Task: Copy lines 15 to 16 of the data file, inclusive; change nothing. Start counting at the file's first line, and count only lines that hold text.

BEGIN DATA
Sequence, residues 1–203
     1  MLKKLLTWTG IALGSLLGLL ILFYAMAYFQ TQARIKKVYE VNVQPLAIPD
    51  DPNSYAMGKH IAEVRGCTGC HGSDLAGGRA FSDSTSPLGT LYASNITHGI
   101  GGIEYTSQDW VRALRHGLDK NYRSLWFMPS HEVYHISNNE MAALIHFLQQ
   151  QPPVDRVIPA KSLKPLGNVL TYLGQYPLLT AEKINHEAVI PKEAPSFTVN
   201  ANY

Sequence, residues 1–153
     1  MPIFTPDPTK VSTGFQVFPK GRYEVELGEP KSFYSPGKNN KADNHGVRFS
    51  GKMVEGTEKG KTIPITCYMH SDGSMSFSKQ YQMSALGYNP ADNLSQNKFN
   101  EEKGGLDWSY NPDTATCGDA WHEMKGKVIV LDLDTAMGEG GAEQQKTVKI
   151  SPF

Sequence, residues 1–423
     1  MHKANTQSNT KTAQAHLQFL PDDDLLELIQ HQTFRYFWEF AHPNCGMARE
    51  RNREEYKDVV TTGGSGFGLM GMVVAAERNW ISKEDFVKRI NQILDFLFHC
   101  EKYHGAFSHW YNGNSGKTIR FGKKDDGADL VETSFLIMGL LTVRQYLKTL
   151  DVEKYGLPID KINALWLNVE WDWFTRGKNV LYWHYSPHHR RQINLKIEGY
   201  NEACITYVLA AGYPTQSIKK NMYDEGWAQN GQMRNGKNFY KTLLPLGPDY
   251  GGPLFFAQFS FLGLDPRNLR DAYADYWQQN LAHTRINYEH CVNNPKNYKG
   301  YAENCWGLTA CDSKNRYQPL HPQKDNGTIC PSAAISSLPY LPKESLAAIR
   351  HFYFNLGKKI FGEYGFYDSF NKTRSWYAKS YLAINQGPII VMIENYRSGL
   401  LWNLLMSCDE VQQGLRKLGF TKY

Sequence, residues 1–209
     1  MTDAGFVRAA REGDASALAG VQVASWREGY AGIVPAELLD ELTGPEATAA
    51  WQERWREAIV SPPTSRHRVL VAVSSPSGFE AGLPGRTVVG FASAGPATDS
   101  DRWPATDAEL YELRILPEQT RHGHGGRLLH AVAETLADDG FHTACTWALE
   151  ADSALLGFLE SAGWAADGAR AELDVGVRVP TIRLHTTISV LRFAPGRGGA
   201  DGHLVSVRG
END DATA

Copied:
   101  EKYHGAFSHW YNGNSGKTIR FGKKDDGADL VETSFLIMGL LTVRQYLKTL
   151  DVEKYGLPID KINALWLNVE WDWFTRGKNV LYWHYSPHHR RQINLKIEGY